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California Employment Lawyers > Blog > Employment > Can My Employer Legally Drug Test Me In California?

Can My Employer Legally Drug Test Me In California?

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If an unexpected drug test has ruined your chances at employment, cost you an existing job, or if you believe you are being illegally tested, you may be feeling overwhelmed and unsure about what your legal rights and protections are. The good news is that California offers far more protection for employees than most other states, and in many ways, this protection, which includes laws covering employee privacy, does extend to drug testing. Does this mean your employer or potential employer can never drug test you? Unfortunately, not. However, there are laws protecting you and legalities and requirements that your employer or potential employer must strictly adhere to in conducting this testing. If they don’t, legal avenues may be available for you to hold them accountable and seek compensation for the financial harm that you have suffered as a result.

When Drug Testing is Legal in California

There are circumstances where private employers can legally drug test potential and current employees. Generally, employers are not limited in their ability to drug test potential employees who have applied to work for them, provided that they are conducting this testing consistently for all candidates and not just targeting specific applicants. There are more limitations and restrictions when it comes to drug-testing current employees. In fact, in most cases employees are prohibited from testing existing employees and from requiring existing employees to submit to drug testing. There are, of course, some limited exceptions where testing of existing employees is permissible. The first exception exists when there are reasonable grounds on which to suspect that the employee is using illicit substances. Reasonable suspicion can justify a legal drug test of an existing employee, but the employer must be able to articulate and demonstrate the basis for the drug test with specificity. Additionally, if the employer believes that an existing employee poses a clear and present physical danger to themselves, other employees, customers, or the general public, then they have grounds to require a drug test. As in the first exception, the employer must be able to offer evidence or specific information that supports their belief that a danger to the employee or others existed.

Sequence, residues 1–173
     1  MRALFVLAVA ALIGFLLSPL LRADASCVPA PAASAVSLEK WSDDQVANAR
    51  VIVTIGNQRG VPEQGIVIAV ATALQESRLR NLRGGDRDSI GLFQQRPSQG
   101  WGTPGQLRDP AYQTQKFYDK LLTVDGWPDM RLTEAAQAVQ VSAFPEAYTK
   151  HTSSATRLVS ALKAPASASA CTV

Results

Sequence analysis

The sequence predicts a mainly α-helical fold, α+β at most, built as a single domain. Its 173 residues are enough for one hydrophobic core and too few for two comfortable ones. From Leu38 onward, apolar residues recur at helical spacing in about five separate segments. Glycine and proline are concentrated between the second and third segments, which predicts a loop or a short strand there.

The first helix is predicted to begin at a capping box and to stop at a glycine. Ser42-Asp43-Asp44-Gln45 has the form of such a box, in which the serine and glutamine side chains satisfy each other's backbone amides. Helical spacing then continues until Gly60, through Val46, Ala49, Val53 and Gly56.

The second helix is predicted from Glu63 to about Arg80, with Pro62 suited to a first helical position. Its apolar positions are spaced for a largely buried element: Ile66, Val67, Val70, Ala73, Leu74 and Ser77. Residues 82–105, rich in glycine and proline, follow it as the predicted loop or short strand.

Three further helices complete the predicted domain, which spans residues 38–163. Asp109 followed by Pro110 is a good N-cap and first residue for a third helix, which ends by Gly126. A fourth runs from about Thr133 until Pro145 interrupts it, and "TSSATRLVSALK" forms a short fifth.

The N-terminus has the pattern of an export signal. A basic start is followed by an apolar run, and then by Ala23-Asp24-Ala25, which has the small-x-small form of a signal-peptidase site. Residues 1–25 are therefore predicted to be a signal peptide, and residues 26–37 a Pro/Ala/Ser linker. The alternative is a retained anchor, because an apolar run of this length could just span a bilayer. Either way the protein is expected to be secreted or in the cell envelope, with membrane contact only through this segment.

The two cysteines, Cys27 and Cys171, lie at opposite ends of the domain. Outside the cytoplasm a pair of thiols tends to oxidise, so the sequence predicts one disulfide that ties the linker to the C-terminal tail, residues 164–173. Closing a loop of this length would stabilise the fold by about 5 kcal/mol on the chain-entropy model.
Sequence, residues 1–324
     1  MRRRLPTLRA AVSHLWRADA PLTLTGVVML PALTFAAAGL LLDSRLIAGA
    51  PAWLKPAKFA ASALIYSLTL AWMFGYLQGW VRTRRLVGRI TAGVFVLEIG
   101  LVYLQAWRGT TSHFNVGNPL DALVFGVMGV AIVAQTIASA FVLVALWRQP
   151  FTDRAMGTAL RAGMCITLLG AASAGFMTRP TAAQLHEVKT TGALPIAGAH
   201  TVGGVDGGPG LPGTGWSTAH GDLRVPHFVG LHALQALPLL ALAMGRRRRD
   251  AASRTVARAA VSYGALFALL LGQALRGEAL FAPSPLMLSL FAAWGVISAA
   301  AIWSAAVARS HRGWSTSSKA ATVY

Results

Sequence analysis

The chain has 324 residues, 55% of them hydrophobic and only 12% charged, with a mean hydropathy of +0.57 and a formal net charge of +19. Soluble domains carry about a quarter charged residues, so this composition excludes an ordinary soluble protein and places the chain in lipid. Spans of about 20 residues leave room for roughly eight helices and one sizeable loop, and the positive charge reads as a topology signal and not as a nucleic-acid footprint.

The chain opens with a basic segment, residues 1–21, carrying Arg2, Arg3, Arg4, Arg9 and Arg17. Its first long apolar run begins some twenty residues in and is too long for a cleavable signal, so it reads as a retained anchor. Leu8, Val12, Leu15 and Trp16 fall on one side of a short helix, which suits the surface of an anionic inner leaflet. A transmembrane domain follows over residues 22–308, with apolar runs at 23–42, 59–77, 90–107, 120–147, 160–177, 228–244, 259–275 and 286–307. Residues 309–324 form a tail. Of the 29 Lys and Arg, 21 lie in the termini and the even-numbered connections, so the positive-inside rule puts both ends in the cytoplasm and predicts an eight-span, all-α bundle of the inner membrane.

When Drug Testing Can Be Discrimination

Testing existing employees for drugs may constitute discrimination or harassment if the employer is targeting individuals or members of a specific group with drug tests, or is requiring an employee to submit to testing based on a protected status, such as their gender or ethnicity. Threats of drug testing may also be used as employers as a means of quid pro quo harassment. For example, a male employer may tell a female employee that he won’t drug test her if she agrees to go on a date with him. If you believe that you have been illegally drug-tested as a form of discrimination or harassment based on a protected status, it’s important to talk to a lawyer as soon as possible.

Schedule a Consultation with the Costanzo Law Firm

If you have suffered a detrimental career impact or financial harm as a result of illegal drug testing by your California employer, the experienced San Jose employment law attorneys at Costanzo Law Firm are ready to help. Contact us today to schedule your personalized consultation.

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